Located in Rockingham County, New Hampshire, United States, and founded in 1638, the town of Exeter is known for its considerable inventory of structures by prominent architects and its various historical buildings, including several recognized as National Historic Landmarks. It is a quiet, peaceful place where one can walk through history and get a feeling for what life was like back in 17th century America, and not the sort of place one would immediately link with extraterrestrial forces from beyond our understanding. Yet in 1965 this sleepy town would be ground zero for a series of UFO incidents that would thrust it into the public consciousness and become some of the most famous UFO sightings out there.
In 1965, the area began having several reports of strange things in the skies. In particular, beginning in August of that year the number of UFO sightings in the area saw a sharp increase, but this was mostly not really covered in the news at the time, and it would not be until September of that year that a spectacular encounter would launch the phenomena into the news. The report in question would come from then 18-year-old Norman Muscarello, who had just graduated from high school and was just three weeks away from leaving for service in the United States Navy. On September 3, 1965, Muscarello was making his way back to Exeter after visiting his girlfriend at her parents’ home in nearby Amesbury, Massachusetts. With no car, Muscarello was hitchhiking, which for him was a totally normal thing to do, and at the time there was nothing out of the ordinary about this at all. Indeed, the area was considered to be very safe and many youths in the era hitchhiked. However, the night was about to get very bizarre, indeed.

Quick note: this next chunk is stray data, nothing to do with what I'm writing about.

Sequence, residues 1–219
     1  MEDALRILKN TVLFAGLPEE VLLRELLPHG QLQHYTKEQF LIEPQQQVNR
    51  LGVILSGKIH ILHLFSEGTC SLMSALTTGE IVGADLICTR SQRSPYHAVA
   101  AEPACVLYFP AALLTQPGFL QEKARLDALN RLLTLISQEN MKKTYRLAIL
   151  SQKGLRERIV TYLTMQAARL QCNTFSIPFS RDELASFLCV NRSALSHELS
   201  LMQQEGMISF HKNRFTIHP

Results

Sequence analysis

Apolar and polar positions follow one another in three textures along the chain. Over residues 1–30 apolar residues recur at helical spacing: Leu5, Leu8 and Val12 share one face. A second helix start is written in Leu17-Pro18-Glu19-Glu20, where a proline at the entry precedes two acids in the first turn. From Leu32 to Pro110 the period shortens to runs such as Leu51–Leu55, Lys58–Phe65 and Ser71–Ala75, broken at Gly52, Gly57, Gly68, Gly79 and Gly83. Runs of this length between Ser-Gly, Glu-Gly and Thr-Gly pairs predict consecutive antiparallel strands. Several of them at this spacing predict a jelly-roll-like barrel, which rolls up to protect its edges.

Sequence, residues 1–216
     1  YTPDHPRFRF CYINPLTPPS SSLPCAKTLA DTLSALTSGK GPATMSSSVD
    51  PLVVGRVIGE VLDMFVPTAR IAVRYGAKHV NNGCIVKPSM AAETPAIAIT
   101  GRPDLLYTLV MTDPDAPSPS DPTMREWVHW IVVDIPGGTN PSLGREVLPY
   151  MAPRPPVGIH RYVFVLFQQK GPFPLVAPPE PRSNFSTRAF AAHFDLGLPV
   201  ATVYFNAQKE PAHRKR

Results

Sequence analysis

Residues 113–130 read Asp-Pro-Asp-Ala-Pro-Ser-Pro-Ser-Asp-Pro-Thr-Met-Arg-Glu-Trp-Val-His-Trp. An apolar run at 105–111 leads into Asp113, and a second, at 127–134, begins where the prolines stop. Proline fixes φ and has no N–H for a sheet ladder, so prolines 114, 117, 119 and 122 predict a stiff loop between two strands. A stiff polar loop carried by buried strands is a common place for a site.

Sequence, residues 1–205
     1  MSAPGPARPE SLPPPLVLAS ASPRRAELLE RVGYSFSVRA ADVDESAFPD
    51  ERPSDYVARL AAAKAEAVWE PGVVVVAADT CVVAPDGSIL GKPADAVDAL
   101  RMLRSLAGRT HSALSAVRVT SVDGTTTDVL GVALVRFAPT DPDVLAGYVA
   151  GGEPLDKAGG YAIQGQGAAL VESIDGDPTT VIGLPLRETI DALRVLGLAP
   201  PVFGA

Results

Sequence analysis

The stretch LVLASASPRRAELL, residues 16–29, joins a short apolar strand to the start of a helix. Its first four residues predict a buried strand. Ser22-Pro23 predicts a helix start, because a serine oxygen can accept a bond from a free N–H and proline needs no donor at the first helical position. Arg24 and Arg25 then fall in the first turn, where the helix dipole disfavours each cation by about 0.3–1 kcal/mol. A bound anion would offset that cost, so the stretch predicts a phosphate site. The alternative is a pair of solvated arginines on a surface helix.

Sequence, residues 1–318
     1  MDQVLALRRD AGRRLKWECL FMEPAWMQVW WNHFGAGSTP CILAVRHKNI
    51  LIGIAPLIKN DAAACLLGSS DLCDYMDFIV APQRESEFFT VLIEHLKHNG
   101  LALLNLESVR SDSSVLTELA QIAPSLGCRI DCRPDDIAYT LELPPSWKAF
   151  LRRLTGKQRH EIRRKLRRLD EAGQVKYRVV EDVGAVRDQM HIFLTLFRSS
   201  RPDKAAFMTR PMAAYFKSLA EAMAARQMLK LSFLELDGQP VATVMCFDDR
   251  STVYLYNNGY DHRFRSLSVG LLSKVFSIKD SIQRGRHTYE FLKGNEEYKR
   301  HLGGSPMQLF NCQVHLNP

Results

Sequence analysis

On this particular evening, Mescarello was not having much luck. It was in the early morning hours at 2 a.m. and so there were few cars and so he had walked most of the 10 miles from Amesbury to Exeter when he noticed something odd in the sky just outside of the town of Kensington, located a few miles outside Exeter. He could see what looked like five flashing bright red lights out in the distance, which he at first took to be maybe the lights of a police car, but as he approached he could see that the lights were actually hovering over the trees at a farm owned by the Dining family, who were not at home at the time. It seemed that the mysterious lights were all part of one very large, very bright object that illuminated the field below it and which he estimated as being around 80 to 90 feet (24 to 27 m) in diameter. He was then startled when whatever it was began to rapidly approach him. He would say of what he experienced in an in-depth exclusive interview for Seacoastnh:
I observed pulsating lights coming from the north, heading in a southwesterly direction, towards where I was. I assume the speed must have been something terrific because it came up on me all of a sudden, like this! (Snaps his fingers.) Very distant, pulsating erratically I couldn’t make out any distinct pattern, circles or anything like that. It was just very bright. Could not make out a silhouette at all. I didn’t know what it was. There was absolutely no sound, other than the fact that I heard horses in Dining’s field, raising holy hell, kicking the barn. Crickets seemed to just quit…. My attention was fixed on these lights. I didn’t know what it was. Passed over, kind of like disappeared. I don’t know what direction it went in. I was kind of dazed. My eyes were like, you know, seeing spots you go through when somebody takes your picture with a camera. Got my eyes cleared — son of a gun — here it comes again. I don’t have to tell you, you get kind of nervous out there. I mean I’m all alone; there’s nobody else standing there to refer to. I mean, is this guy smoking something? I just froze up. I didn’t know quite what to do. I got scared.